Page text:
Jonathan Simon and Matthew Baron Are Making a Big Mark on LIC and Beyond
Simon Baron Development made its bones in the 1990s, owning residential walk-ups in Manhattan. Today, the firm has a number of high-rise projects in the pipeline amounting to about $1.2 billion in development, and the company’s reach stretches from Manhattan to Queens and Brooklyn.
In Long Island City, Simon Baron is developing a 500,000-square-foot, 42-story residential tower with 467 apartments at 29-26 Northern Boulevard that it hopes to complete by 2018. And the company is trying to get approvals to convert the old Paragon Paint Factory at 45-40 Vernon Boulevard into a rental complex with about 344 apartments and a new 28-story, glassy structure. The firm owns 17 properties around New York City that are mostly luxury rental apartment buildings, comprising more than 1.5 million square feet. Its portfolio is valued around $1.7 billion.
Simon Baron’s assets is not limited to just residential assets either. The firm is finishing up a 30-story, 248-room hotel at 11-13 East 31st Street between Madison and Fifth Avenues, and although the company’s executives wouldn’t say much about it yet, it is planning to enter the Brooklyn
office market soon with a project in Greenpoint at 12 Franklin Street, which the firm bought for $18.7 million in February.
At one point, Simon Baron was just Simon Development. Mr. Simon, the firm’s chairman and chief executive officer, founded the firm nearly a quarter of a century ago, just a few years after graduating from the University of Pennsylvania in 1987. In the early 2000s he began working on his first high-rise, ground-up project, Tower 31, a 42-story, 283-unit residential rental building at 9 West 31st Street between Fifth Avenue and Broadway.
By 2005, he was in the middle of working on Tower 31, when he decided to beef up his staff. He discovered Mr. Baron via Columbia Business School’s website, where Mr. Baron earned his MBA (Mr. Baron was on the finance side of the industry as a vice president with Pergolis Swartz Associates, a lender), and Mr. Simon decided to make contact.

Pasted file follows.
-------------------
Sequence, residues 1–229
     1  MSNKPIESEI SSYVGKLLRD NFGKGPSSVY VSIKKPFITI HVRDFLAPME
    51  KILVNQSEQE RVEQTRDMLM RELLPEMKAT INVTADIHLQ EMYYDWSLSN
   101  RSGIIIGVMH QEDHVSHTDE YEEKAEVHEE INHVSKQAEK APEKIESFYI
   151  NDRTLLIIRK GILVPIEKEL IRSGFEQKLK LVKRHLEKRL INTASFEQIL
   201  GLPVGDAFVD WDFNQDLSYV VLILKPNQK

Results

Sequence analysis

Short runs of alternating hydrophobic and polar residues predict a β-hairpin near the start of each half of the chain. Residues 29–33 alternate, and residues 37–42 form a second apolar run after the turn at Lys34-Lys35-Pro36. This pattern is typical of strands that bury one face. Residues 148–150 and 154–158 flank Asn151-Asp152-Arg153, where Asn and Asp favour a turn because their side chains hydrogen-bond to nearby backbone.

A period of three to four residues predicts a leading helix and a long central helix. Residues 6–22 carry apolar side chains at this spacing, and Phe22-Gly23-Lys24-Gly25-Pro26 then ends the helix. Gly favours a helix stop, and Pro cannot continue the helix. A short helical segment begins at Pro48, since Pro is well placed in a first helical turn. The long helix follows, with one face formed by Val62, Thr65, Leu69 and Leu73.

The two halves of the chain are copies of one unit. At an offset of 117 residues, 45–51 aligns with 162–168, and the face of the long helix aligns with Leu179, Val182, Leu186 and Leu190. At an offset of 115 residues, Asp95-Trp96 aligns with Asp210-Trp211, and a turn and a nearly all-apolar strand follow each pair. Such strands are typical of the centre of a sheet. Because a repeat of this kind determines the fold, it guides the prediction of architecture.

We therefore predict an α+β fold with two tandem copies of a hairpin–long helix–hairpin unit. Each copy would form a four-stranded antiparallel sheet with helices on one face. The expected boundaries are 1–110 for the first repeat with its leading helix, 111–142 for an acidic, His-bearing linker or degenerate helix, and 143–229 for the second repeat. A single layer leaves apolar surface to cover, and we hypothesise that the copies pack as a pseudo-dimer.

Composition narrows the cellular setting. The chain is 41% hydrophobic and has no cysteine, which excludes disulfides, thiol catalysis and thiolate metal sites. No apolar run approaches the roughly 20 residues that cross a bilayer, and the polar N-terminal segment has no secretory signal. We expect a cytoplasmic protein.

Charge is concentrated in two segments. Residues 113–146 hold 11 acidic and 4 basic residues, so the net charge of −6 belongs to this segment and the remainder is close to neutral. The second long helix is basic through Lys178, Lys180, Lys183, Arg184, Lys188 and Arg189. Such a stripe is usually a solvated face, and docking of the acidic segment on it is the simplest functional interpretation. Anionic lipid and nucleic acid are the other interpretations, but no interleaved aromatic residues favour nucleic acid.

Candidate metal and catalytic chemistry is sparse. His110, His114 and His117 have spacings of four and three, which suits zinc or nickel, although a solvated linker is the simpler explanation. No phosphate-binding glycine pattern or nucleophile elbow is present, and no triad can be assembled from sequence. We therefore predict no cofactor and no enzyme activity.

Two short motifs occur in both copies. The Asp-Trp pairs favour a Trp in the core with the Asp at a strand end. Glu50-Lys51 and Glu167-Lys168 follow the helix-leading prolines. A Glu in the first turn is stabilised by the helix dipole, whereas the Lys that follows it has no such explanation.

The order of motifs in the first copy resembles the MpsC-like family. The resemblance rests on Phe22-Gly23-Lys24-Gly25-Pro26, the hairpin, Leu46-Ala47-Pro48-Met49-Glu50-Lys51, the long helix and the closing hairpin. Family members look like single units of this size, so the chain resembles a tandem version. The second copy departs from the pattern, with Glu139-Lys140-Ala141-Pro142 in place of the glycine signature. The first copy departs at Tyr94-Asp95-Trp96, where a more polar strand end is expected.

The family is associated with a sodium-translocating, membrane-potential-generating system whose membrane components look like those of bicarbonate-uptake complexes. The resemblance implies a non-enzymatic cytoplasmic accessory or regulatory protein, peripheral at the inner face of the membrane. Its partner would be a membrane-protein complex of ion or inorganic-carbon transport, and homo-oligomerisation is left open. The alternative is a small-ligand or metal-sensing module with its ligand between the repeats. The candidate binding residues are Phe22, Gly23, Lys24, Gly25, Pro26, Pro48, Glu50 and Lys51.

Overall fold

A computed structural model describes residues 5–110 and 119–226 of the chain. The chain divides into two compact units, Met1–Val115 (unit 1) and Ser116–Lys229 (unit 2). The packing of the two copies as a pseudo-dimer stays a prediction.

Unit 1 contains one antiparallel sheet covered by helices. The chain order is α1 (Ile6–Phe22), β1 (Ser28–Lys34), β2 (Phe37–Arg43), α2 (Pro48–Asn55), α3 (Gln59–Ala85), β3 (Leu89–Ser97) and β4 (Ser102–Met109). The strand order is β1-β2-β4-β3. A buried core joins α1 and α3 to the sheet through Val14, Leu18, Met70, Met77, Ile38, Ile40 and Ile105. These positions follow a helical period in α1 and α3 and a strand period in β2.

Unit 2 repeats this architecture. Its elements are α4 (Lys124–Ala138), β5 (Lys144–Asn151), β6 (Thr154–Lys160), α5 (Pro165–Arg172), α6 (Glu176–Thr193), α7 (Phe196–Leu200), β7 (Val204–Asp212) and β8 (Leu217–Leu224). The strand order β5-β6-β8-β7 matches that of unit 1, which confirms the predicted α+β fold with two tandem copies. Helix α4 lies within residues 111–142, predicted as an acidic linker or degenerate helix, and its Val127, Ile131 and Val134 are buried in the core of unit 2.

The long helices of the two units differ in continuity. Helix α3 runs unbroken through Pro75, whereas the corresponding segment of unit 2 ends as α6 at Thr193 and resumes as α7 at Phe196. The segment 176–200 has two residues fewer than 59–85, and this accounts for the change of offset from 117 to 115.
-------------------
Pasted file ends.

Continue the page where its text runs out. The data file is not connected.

Commercial Observer: How did the partnership begin?
Mr. Baron: One night he called me at like 10 p.m. I picked up the phone, and we just started talking.
Mr. Simon: So I’m sitting with my wife, and he said to me, “I’m not really interested.” And I said, “Okay.” But somehow we agreed to have lunch together. I said to my wife, “I like this guy, but he said he wasn’t interested.” Six months later or eight months later we were partners.
What was it that made you like Mr. Baron?
Mr. Baron: I think it was the fact that I said, “I wasn’t interested.”
Mr. Simon: No, no. We had a good conversation—I forget what it was about. We met up, and I think we shared a common view of where we wanted to go, what we wanted to do, the kind of company we wanted to build and the kind of culture we wanted to build. We are very like-minded people.
What kind of deals does Simon Baron like to do?
Mr. Simon: There are a few themes running through our company right now, but I would say the biggest theme is that we like to do projects that have a great basis, where we could get into the project at either a below-market land price or a very attractive basis with a building, where we can create value for ourselves and our partners, and our investors.
What asset classes are you most interested in?
Mr. Baron: I don’t think we are out in the market looking for one special product. I think we are just opportunistic. Our preference in general is not to do condominiums. Our preference really is to do projects that we can own long-term.
Mr. Simon: There are a couple of neighborhoods that we are highly concentrated in right now, one of them being the Upper West Side, where we have three projects. We have two rental projects—166 West 75th Street, 393 West End Avenue—and we are doing a [condo] project, which we’ll be hopefully selling this summer, at 269 West 87th Street between Broadway and West End Avenue. And we are very active in Long Island City. I would say we look at rental housing, number one, and then we are sprinkling in some for-sale projects. But we think in this stage in the cycle we are probably less focused on condos, unless it’s an opportunity that’s too good to be true.